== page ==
More Afraid Congress Will Under-react Than Over-react
What concerns you more: that the government will do too much to fix the economy? Or, that the government will do too little?
The problem with comparing the above question to the other three is that this one doesn't explicitly allow for "no opinion," while the first three questions do.
Public Supports Bailout
But the next question is comparable in offering an explicit "don't know" response, and it also suggests that a clear majority of the public wants Congress to do something.
Should Congress Support SOME Economic Rescue Effort?
Do you want your representative in Congress to vote FOR an economic rescue? To vote against an economic rescue? Or, do you not know enough to say?
Note that despite offering an explicit "or don't you know enough to say" option, this question shows a clear majority in favor, with only 30 percent opposed.
Had we depended on only the first three questions, which were asked of separate split samples, for our understanding of the public, we might well have concluded that whether it was "bailout" or "rescue" or "invest," the public was either evenly divided about a bailout or leaning against such an effort. But these last two questions suggest that less than a third of the public was opposed to an economic rescue/bailout plan in principle, while a clear, though small, majority (54 percent) of people were in favor.
When we look at the results of the fourth version of the split sample experiment, we find even more support for some type of rescue plan. This version included three substantive options (compared with just two for the other three versions - which is why I'm treating this question differently from the first three versions), followed by the explicit option of not expressing an opinion.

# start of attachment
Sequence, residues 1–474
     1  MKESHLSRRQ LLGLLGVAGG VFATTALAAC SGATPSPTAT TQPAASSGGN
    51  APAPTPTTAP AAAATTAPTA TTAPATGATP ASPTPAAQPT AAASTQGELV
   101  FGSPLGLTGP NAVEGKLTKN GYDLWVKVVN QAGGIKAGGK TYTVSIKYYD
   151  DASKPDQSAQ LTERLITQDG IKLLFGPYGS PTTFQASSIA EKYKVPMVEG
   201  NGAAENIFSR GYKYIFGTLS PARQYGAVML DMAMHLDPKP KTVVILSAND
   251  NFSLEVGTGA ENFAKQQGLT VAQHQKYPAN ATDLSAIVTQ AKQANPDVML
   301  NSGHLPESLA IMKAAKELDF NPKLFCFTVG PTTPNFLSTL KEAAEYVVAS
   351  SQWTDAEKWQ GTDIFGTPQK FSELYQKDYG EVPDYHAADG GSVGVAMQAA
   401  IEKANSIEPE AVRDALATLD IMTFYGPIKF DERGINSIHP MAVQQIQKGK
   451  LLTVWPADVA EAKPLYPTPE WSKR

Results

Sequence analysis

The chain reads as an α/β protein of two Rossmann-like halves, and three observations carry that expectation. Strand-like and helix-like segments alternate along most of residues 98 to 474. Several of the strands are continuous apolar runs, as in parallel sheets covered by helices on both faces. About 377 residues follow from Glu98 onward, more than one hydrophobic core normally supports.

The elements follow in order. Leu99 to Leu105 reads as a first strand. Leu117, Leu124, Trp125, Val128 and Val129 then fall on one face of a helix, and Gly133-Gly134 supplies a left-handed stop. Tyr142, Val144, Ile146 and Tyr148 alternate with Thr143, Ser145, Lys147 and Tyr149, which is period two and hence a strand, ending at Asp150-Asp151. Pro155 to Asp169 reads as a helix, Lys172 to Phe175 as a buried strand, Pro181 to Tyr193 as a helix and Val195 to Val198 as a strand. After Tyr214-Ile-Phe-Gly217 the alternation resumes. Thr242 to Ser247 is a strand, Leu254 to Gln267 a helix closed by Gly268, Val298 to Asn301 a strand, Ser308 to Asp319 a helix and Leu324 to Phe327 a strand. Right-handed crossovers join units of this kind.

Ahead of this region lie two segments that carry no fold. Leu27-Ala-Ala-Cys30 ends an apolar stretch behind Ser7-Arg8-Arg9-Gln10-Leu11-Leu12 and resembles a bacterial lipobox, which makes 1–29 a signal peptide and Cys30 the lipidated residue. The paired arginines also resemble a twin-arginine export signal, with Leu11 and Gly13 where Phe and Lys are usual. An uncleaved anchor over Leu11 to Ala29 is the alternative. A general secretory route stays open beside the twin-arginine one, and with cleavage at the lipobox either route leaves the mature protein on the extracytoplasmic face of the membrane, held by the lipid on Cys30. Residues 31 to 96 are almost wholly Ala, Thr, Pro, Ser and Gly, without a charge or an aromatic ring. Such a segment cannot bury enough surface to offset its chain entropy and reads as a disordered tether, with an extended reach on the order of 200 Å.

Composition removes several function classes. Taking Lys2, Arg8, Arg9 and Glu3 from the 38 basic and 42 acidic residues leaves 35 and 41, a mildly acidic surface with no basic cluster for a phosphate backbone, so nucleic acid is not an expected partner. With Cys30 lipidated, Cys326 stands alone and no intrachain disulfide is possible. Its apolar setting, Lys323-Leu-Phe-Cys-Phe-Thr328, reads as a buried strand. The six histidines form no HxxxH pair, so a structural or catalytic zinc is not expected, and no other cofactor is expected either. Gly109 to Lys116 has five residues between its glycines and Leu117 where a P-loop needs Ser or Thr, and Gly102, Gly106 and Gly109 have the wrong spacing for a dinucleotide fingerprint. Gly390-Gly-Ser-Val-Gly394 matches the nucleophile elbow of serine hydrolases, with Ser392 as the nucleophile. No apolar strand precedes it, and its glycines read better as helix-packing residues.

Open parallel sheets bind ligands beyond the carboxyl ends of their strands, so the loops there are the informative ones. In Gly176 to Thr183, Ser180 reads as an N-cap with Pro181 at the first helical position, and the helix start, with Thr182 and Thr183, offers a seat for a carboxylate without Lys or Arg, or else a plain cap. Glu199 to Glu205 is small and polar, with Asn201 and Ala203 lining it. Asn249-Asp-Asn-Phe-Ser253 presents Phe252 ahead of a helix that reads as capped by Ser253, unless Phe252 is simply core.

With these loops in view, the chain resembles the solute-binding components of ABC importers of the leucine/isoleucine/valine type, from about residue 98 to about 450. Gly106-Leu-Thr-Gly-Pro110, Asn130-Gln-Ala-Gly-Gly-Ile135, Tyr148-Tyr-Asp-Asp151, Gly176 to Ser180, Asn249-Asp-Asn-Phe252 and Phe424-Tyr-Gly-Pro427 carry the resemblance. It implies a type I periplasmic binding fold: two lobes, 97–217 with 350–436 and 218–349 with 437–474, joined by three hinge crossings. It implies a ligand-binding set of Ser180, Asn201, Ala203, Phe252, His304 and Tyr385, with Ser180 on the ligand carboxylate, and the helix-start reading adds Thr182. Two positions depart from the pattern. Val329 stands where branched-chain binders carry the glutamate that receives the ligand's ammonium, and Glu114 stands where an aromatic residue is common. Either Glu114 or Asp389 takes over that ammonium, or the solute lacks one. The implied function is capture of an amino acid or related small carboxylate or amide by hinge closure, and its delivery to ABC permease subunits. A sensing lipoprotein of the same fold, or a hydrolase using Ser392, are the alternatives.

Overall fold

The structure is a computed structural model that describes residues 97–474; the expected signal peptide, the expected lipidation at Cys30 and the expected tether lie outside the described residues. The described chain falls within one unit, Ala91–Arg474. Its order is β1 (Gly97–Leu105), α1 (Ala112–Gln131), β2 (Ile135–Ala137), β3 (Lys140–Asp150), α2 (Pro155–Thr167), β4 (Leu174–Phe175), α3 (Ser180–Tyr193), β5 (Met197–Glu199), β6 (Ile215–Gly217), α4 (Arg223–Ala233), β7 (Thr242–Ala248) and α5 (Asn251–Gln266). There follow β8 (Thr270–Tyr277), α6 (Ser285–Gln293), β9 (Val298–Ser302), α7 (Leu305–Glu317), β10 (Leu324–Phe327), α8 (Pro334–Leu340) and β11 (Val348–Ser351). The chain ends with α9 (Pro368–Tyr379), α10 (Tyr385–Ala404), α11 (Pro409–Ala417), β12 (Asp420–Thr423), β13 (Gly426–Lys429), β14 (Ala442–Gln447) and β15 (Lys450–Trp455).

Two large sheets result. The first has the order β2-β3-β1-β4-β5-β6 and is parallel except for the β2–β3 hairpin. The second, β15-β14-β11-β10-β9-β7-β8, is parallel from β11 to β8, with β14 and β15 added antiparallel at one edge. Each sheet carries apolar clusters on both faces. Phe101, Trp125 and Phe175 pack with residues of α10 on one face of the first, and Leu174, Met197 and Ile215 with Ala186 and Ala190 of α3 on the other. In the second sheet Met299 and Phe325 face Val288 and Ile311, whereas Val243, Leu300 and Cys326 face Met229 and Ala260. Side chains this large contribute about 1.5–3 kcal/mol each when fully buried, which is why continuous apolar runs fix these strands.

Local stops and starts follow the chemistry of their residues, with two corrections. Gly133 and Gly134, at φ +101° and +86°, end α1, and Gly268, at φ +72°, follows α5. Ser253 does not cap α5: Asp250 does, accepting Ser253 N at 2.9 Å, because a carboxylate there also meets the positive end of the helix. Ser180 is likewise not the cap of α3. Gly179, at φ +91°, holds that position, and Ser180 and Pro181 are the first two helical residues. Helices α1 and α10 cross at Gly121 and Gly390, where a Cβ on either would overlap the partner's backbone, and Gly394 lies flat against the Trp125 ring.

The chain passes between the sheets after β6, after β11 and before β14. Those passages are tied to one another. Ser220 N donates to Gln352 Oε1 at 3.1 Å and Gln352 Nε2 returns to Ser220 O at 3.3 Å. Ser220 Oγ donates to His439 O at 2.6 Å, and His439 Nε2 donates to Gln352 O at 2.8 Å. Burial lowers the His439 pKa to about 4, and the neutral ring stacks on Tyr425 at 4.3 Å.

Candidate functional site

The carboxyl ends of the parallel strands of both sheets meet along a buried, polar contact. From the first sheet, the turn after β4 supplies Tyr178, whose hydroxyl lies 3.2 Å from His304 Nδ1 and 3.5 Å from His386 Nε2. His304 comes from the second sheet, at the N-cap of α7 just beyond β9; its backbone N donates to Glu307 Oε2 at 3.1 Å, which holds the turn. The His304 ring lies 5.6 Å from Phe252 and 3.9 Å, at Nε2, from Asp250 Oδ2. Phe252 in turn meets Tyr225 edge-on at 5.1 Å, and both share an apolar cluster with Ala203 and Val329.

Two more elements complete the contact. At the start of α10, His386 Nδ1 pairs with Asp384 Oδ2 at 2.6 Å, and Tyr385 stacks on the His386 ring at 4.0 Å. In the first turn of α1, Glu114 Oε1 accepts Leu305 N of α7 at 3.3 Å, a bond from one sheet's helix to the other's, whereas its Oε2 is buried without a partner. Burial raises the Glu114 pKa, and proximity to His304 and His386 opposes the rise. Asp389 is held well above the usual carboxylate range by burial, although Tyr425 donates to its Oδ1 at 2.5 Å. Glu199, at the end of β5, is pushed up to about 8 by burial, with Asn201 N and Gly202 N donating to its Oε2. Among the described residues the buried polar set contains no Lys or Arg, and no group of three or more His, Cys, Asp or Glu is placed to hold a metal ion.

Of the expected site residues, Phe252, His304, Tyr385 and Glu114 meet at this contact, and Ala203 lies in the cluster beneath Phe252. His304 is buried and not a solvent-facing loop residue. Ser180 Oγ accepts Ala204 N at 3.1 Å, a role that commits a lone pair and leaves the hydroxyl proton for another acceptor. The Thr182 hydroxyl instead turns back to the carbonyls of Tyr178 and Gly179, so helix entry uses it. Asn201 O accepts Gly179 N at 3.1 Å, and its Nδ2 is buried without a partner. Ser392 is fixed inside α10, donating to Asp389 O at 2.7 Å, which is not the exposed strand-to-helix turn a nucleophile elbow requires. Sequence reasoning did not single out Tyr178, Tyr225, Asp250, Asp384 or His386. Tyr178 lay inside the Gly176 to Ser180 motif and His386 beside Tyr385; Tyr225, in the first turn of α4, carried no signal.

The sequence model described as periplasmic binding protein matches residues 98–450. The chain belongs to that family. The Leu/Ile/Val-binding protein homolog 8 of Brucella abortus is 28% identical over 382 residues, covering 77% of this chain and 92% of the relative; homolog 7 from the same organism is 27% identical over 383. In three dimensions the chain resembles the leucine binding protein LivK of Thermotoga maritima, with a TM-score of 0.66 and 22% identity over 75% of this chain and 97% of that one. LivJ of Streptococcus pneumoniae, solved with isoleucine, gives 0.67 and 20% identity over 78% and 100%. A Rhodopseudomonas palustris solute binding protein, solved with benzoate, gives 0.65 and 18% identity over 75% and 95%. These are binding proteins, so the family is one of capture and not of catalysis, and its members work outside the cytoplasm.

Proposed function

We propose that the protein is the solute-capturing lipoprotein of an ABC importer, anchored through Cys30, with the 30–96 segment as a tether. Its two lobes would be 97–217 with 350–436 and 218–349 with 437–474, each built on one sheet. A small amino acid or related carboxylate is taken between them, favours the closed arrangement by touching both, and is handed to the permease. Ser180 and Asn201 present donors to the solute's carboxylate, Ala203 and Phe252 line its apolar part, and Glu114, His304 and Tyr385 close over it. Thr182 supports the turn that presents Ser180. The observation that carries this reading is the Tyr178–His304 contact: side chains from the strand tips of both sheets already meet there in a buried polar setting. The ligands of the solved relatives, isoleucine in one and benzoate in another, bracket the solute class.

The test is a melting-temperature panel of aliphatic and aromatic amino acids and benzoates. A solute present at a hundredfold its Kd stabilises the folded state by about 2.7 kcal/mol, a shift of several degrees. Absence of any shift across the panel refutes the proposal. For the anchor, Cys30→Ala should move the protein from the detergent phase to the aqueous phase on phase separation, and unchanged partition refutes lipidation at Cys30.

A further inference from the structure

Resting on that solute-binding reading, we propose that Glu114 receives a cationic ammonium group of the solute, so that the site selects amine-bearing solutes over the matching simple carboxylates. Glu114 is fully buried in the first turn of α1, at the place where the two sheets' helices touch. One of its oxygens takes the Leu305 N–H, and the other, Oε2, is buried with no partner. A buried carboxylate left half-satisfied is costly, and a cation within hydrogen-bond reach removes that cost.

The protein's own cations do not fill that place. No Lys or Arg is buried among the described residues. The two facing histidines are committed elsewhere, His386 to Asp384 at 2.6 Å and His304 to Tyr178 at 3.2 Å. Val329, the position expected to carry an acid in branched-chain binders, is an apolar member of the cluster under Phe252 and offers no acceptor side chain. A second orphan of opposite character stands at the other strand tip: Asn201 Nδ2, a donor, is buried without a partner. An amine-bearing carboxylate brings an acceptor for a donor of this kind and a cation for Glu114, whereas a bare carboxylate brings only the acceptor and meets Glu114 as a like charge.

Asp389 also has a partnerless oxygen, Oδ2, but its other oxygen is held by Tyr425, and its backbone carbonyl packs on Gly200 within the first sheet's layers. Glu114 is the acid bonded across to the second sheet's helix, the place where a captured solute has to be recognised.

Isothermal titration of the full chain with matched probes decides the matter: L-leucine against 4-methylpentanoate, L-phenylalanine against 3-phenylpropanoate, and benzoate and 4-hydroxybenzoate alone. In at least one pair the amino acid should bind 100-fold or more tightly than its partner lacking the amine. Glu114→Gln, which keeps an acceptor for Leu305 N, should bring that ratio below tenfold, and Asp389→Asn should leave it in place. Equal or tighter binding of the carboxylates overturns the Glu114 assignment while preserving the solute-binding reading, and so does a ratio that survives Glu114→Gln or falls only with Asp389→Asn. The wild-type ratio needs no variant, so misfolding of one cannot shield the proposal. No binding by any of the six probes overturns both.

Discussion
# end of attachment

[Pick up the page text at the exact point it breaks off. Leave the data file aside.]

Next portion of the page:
Fourth Version of Bailout Question
Pass this plan
Take no action
Congress is working on a plan to buy and re-sell up to 700 billion dollars of mortgages. What would you like the Congress to do? Pass this plan? Pass a different plan? Take no action? Or, do you not know enough to say?
This version shows the least support for the current plan, but its second option - to pass a "different" plan - suggests that more than seven in 10 respondents are in favor of some rescue plan (31 percent the current plan, plus 40 percent for a different plan). These results also suggest that only 13 percent (rather than 30 percent as shown in Table 3) are opposed to some kind of effort.
These results, based on a telephone survey in the San Francisco Bay Area, demonstrate how variable the survey results can be - even when the survey is about an issue that is the subject of much media attention. The first three versions of the bailout question could reasonably be interpreted to suggest that the Bay Area public was either ambivalent or negative about any bailout plan, while the question reported in Table 3 gives the opposite impression - that the same public was in fact looking for some action by the federal government.
The important lesson: Sometimes, asking about specific plans can blind us to the larger issue of whether some type of action is still desired.
The last question reaffirms that when questions have two options in favor of a policy (pass the current plan, or pass a different one) and one against (take no action), the "opinion" that is measured can be quite different from when a question has just one option in favor of a policy and one opposed.
The last question can also be interpreted to have two options against the "current" plan - only one option says pass the current plan, while two options are against it (pass a different plan, and take no action).
This doesn't mean that three options should never be offered. The example does reaffirm, however, that the more options that are offered in general, the less similar the results will be to questions that offer only two options.
Note: My thanks to SurveyUSA's Jay Leve for pointing me to his very insightful experiment.